Bus Stop

I rode the bus again today.
Took my seat in the very back.
I didn’t want to be seen.
It’s not like what I wanted would change the fact that
No one ever saw me anyway
No one important.
No one ever saw my charcoal colored skin
My coiled hair,
Or my feet covered in corns from having to walk
Six miles.
To the bus stop every morning.
In my favorite pair of shoes
The shoes that had more holes than the mouth of the boy whose
Teeth were knocked out after he attempted
Attempted to sneak into the "Whites only" theater with that little friend of his.
He didn’t know any better.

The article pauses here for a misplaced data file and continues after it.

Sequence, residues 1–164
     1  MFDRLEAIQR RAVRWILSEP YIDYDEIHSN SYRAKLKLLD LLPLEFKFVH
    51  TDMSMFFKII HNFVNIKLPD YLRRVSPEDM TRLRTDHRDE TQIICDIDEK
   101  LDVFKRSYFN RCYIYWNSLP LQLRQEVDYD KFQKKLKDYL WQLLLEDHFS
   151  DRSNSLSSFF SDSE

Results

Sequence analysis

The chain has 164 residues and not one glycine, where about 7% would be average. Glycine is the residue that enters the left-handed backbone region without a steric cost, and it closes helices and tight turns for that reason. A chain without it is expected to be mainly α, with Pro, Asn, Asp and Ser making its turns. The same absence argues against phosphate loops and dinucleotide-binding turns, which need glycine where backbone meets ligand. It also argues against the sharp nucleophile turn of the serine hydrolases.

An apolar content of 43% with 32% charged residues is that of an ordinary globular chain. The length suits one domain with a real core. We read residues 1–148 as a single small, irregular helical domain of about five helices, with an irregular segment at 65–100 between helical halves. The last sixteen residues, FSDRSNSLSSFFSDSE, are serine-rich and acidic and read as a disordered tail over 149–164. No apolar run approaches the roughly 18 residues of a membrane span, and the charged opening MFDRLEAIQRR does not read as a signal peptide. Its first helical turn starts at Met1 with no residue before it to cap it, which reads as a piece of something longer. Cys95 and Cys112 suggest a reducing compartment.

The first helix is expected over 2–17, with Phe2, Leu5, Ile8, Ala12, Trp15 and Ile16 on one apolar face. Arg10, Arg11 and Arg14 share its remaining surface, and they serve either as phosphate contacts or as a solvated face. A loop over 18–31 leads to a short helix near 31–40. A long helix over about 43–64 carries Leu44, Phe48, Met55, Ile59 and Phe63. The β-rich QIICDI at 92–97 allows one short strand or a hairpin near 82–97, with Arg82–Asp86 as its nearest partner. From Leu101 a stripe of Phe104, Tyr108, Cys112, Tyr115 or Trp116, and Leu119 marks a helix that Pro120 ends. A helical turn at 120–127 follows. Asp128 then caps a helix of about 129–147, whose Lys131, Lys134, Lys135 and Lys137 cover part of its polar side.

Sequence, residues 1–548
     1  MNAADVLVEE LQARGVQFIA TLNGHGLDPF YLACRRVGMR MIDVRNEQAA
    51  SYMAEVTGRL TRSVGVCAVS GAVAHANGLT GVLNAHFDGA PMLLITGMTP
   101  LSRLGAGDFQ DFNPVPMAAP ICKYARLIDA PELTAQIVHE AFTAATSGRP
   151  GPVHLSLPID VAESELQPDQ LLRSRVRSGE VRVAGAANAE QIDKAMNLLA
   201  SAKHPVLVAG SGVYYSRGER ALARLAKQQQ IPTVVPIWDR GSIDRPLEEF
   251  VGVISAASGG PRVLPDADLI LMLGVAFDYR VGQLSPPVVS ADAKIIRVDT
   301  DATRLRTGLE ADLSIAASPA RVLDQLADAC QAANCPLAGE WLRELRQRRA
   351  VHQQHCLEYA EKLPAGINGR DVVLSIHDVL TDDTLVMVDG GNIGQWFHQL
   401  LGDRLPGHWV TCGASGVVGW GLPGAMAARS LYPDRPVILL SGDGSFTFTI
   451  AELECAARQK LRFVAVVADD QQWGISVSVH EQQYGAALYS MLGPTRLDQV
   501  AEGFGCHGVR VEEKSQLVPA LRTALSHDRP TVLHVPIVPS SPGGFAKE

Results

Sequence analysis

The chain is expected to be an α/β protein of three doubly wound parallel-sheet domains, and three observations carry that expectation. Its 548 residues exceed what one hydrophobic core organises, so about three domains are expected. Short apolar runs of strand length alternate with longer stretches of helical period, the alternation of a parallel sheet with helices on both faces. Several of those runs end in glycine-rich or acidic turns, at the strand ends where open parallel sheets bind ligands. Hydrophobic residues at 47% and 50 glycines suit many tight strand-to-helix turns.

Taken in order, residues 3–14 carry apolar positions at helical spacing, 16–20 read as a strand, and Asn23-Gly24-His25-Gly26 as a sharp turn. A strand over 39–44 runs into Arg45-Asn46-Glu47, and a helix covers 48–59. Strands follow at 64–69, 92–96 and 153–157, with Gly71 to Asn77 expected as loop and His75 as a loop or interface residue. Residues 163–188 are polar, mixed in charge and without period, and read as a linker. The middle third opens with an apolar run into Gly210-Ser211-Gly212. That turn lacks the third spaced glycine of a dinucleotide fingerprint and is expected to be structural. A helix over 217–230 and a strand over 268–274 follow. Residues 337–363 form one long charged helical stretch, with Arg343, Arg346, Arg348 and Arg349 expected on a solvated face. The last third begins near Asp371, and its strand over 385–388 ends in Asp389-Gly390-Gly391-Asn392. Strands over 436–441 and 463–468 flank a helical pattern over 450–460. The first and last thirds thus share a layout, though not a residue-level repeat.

My holes were painless
But my feet and my soul held pain greater than a knife deep in the back of the "Colored" folk.
For we have been stabbed and burned because our charcoal skin
Was never worthy of a true friend.
The pain that was passed from generation to generation seemed never ending
Would it end?
We were no longer slaves but freedom was farther away from us than before.
We were now slaves to the back of the bus.
The seats that made our butts numb because we weren't allowed heat,
While those white folk warmed their toes and smiled those malicious smiles.
We were still slaves.
Slaves to the man with the light, white skin.
I pulled the string
My stop was here.
Getting up, I felt them stare
I heard them giggle
I paid them no mind
I would not become a slave to a sneering smile that intended no happiness
Me and my charcoal skin,
We walked
To the next Bus Stop.

Guide that inspired this poem: